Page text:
Spending on Social Security and Medicare over the next 30 years could contribute to mounting federal budget deficits and the highest level of debt relative to gross domestic product ever seen in the United States, according to a report released Tuesday by the Congressional Budget Office.
Federal debt, currently 75% of GDP, will increase to 86% of GDP in 2026 and to 141% of GDP in 2046 if current laws governing taxes and spending do not change, predicts the CBO in “The 2016 Long-Term Budget Outlook.” That level would top the historic peak of 106% that occurred just after World War II.
“The prospect of such large debt poses substantial risks for the nation and presents policymakers with significant challenges,” according to the CBO. The problem stems from government spending that grows more quickly than revenues, especially for Social Security, the major healthcare programs (mainly Medicare) and interest on the government’s debt, the agency said.
“As members of the baby-boom generation age, and as life expectancy continues to increase, the percentage of the population age 65 or older is anticipated to grow sharply, boosting the number of beneficiaries of those programs,” the report states. “By 2046, projected spending for those programs for people 65 or older accounts for about half of all federal noninterest spending.”
Healthcare costs per beneficiary drive the remainder of the projected growth in spending for Social Security and major healthcare programs, according to the report. The CBO projects that these costs will increase more quickly than GDP per person (after the effects of aging and other demographic changes are removed). Healthcare costs will increase, albeit more slowly than in the past, in part because of the effects of new medical technologies and increasing personal income, according to the agency.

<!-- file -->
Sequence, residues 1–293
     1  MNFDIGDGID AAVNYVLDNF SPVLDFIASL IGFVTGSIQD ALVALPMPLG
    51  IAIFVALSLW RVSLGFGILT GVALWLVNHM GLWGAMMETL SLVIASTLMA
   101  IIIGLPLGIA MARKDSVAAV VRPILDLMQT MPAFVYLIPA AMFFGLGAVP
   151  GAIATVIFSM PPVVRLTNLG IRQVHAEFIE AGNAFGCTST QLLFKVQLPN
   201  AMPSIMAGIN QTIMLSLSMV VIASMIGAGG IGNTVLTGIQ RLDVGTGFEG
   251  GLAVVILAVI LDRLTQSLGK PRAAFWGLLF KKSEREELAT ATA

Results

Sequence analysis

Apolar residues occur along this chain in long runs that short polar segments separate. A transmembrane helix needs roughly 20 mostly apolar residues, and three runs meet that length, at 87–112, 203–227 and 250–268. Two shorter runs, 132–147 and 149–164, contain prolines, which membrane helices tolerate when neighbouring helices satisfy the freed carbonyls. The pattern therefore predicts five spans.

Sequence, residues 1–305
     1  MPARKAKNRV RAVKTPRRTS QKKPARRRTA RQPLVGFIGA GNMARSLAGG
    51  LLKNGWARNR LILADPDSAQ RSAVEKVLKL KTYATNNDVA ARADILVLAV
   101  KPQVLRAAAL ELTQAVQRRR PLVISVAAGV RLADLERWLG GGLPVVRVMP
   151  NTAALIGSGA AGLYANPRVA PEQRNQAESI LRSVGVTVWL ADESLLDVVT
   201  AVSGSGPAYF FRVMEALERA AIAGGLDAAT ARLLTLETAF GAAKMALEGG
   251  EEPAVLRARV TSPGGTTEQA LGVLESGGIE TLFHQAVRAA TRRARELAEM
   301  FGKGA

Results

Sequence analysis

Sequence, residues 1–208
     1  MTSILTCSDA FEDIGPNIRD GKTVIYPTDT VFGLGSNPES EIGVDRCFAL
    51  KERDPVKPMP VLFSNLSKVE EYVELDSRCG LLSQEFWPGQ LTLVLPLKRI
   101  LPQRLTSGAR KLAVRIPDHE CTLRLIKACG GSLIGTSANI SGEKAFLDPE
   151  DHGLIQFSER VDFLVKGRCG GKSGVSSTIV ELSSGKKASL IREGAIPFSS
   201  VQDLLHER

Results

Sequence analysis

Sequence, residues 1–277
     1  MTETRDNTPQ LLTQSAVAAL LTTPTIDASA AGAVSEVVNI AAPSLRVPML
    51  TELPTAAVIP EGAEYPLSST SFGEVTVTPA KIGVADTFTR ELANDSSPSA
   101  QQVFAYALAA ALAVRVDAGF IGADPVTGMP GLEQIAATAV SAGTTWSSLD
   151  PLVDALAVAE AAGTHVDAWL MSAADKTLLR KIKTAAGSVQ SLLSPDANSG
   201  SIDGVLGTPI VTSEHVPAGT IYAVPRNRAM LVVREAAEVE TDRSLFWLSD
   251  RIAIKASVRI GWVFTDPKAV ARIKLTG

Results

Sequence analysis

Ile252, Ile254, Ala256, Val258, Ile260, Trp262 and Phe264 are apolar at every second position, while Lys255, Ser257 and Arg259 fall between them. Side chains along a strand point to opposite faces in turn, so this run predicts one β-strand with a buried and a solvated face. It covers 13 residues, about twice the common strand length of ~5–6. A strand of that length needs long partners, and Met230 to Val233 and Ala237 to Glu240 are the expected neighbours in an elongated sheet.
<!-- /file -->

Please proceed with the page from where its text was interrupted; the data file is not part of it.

Noting that the increase now projected by the CBO is almost twice as much as what it had estimated in its budget outlook last year, the nonprofit Bipartisan Policy Center said that the revised fiscal outlook is largely due to the permanent extension of expiring business tax provisions, which Congress passed at the end of 2015.
“Today’s CBO report is a reminder that policymakers need to stop adding trillions of dollars to the federal credit card and work on bipartisan solutions that put our country on a more responsible budgetary path,” said Shai Akabas, the center’s director of fiscal policy. “Regardless of who is elected in November, the next president and Congress must prioritize returning our country to solid fiscal footing.”
From the “The 2016 Long-Term Budget Outlook” by the CBO: